New­comb’s prob­lem is weird to think about be­cause the pre­dic­tor and agent’s be­hav­iors are log­i­cally con­nected but not causally. That is, if you tell me what the agent does or what the pre­dic­tor pre­dicts as an out­side ob­server I can guess what the other does with high prob­a­bil­ity. But once the pre­dic­tor pre­dicts the agent could still take ei­ther op­tion and flip flop­ping won’t flip flop the pre­dic­tor. Still one may ar­gue you should one box be­cause be­ing a one boxer go­ing into the prob­lem means you will likely get more util­ity. I dis­agree with this view and see New­comb’s prob­lem as pun­ish­ing ra­tio­nal agents.

If New­comb’s prob­lem is ubiquitous and one imag­ines an agent walk­ing down the street con­stantly be­ing New­combed it is in­deed un­for­tu­nate if they are doomed to two box. They’ll end up with far fewer dol­lars. But this thought ex­per­i­ment is miss­ing an im­por­tant part of real world de­tail in my view. How the pre­dic­tors pre­dict the agents be­hav­ior. There are three pos­si­bil­ities:

  • The pre­dic­tors have a so­phis­ti­cated un­der­stand­ing of the agent’s in­ner work­ings and use it to simu­late the agent to high fidelity.

  • The pre­dic­tors have seen many agents like our agent do­ing prob­lems like this prob­lem and use this to com­pute a prob­a­bil­ity of our agent’s choice and com­pare it to a de­ci­sion thresh­old.

  • The pre­dic­tor has been fol­low­ing the be­hav­ior of our agent and uses this his­tory to as­sign its fu­ture be­hav­ior a prob­a­bil­ity.

In the third bul­let the agent should one box if they pre­dict they are likely to be New­combed of­ten[2]. In the sec­ond bul­let they should one box if they pre­dict that mem­bers of their pop­u­la­tion will be New­combed of­ten and they de­rive more util­ity from the ex­tra dol­lars their pop­u­la­tion will get than the ex­tra dol­lar they could get for them­selves. I have already stated I see the first bul­let as an un­fair prob­lem.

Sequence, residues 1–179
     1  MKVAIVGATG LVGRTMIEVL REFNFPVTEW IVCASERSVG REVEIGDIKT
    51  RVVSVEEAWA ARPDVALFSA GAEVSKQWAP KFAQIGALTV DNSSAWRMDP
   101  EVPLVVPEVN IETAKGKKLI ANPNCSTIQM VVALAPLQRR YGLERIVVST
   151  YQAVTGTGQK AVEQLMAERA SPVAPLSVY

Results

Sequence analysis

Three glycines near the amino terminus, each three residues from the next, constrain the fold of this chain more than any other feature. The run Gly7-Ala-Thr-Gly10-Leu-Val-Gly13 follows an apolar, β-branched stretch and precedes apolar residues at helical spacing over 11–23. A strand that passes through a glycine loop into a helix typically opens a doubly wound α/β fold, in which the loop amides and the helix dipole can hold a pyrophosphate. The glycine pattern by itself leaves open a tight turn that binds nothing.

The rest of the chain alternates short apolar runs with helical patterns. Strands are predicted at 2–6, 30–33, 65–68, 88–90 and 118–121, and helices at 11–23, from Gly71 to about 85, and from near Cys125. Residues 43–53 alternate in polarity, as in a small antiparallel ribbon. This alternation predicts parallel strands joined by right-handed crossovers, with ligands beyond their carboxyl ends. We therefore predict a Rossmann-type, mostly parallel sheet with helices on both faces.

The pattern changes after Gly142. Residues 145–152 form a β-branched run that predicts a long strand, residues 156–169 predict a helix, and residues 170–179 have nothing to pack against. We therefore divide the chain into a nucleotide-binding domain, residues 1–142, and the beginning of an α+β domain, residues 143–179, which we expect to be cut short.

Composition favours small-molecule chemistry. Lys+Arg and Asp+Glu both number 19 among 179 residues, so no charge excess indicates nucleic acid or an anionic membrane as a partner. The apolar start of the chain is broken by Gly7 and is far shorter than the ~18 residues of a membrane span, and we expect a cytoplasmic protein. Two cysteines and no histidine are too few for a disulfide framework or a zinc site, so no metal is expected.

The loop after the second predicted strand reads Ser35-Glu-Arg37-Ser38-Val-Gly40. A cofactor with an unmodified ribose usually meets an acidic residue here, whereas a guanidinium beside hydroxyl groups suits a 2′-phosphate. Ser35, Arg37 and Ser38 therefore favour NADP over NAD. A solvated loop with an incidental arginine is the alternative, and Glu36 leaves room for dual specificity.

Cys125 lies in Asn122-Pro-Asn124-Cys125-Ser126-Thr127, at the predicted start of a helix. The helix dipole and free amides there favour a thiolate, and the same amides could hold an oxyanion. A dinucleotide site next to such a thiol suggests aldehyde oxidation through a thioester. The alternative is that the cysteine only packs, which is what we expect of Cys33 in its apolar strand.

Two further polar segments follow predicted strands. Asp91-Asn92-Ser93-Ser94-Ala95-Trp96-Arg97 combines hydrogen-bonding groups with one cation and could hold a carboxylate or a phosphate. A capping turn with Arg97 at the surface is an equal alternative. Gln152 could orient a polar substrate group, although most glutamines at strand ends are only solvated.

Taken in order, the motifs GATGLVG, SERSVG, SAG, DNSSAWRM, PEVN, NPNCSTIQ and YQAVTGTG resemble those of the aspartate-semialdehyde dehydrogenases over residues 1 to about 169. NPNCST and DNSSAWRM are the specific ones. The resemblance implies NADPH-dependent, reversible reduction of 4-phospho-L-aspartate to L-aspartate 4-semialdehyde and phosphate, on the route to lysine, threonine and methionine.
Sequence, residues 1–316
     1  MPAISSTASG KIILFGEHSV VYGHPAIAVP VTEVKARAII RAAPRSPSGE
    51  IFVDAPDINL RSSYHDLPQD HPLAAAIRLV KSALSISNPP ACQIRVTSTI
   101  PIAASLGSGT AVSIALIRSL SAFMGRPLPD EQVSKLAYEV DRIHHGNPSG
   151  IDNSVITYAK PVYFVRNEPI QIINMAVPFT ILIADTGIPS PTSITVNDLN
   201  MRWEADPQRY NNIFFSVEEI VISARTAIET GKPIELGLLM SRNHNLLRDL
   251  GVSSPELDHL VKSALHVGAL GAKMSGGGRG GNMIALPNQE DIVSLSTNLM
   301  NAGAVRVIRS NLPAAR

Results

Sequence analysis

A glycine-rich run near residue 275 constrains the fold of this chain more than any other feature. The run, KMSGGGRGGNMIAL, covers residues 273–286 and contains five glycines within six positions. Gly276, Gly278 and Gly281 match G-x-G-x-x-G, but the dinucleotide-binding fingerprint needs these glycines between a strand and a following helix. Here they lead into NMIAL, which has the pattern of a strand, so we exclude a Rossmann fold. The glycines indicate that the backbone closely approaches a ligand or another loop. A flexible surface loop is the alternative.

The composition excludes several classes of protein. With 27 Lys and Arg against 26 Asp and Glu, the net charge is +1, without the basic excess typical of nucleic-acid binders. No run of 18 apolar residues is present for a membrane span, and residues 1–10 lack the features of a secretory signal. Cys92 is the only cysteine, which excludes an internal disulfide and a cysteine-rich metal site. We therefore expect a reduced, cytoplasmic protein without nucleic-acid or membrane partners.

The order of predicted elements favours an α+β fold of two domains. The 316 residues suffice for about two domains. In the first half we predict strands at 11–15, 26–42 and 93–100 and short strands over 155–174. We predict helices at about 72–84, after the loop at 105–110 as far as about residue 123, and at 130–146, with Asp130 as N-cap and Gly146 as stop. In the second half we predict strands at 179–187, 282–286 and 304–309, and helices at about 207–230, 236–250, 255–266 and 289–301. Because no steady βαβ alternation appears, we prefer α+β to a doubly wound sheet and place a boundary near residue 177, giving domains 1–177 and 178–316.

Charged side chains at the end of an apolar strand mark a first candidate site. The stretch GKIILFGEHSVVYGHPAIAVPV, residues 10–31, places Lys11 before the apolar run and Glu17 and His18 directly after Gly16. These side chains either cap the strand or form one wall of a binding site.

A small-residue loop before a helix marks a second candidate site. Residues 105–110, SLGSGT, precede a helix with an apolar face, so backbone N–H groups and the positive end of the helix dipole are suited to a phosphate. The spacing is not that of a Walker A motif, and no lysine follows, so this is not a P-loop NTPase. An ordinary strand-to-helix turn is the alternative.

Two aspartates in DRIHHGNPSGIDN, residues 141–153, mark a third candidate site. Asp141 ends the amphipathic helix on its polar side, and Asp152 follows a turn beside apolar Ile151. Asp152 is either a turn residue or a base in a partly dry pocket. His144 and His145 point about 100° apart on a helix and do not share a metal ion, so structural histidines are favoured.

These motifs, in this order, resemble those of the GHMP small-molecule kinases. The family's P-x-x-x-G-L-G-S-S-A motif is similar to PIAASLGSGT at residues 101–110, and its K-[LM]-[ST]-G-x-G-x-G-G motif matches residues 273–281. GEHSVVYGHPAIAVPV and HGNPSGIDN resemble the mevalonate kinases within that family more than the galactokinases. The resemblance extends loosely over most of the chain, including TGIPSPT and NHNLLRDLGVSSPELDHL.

Mind Read­ing isn’t Cool

My big com­plaint with mind read­ing is that there just isn’t any mind read­ing. All my un­der­stand­ings of how peo­ple be­have comes from ob­serv­ing how they be­have in gen­eral, how the hu­man I’m try­ing to un­der­stand be­haves speci­fi­cally, what­ever they have ex­plic­itly told me about their in­ten­tions and what­ever self knowl­edge I have I be­lieve is ap­pli­ca­ble to all hu­mans. Nowhere in the cur­rent world do peo­ple have to make de­ci­sions un­der the con­di­tion of be­ing ac­cu­rately simu­lated.

Why then do peo­ple de­velop so much de­ci­sion the­ory in­tended to be ro­bust in the pres­ence of ex­ter­nal simu­la­tors? I sup­pose its be­cause there’s an ex­pec­ta­tion that this will be a ma­jor prob­lem in the fu­ture which should be solved philo­soph­i­cally be­fore it is prac­ti­cally im­por­tant. Mind read­ing could be­come im­por­tant to hu­mans if mind surveillance be­cause pos­si­ble and de­ployed. I don’t think such a thing is pos­si­ble in the near term or likely even in the ful­l­ness of time. But I also can’t think of any in­sur­mountable phys­i­cal ob­struc­tions so maybe I’m too op­ti­mistic.

Mind read­ing is rele­vant to AI safety be­cause what­ever AGI is cre­ated will likely be a pro­gram on a com­puter some­where which could rea­son its pro­gram stack is fully trans­par­ent or its cre­ators are hold­ing copies of it for pre­dic­tions.

Conclusion

Hav­ing writ­ten that last para­graph I sud­denly un­der­stand why de­ci­sion the­ory in the AI com­mu­nity is the way it is. I guess I wasn’t prop­erly en­gag­ing with the premises of the thought ex­per­i­ment. If one ac­tu­ally did tell me I was about to do a New­comb ex­per­i­ment I would still two box be­cause know­ing I was in the real world I wouldn’t re­ally be­lieve that an ac­cu­rate pre­dic­tor would be de­ployed against me. But an AI can be prac­ti­cally simu­lated and what’s more can rea­son that it is just a pro­gram run by a cre­ator that could have cre­ated many copies of it.

I’m go­ing to post this any­way since it’s blog-day and not im­por­tant-qual­ity-writ­ing day but I’m not sure this blog has much of a pur­pose any­more.


  1. This may read like I’m already ex­plic­itly guided by the false pur­pose Wei Dai warned against. My un­der­stand­ing is that the goal is to un­der­stand ideal de­ci­sion mak­ing. Just not for the pur­poses of im­ple­men­ta­tion. ↩︎

  2. I don’t re­ally know any­thing but I imag­ine the game the­ory of rep­u­ta­tion is well de­vel­oped ↩︎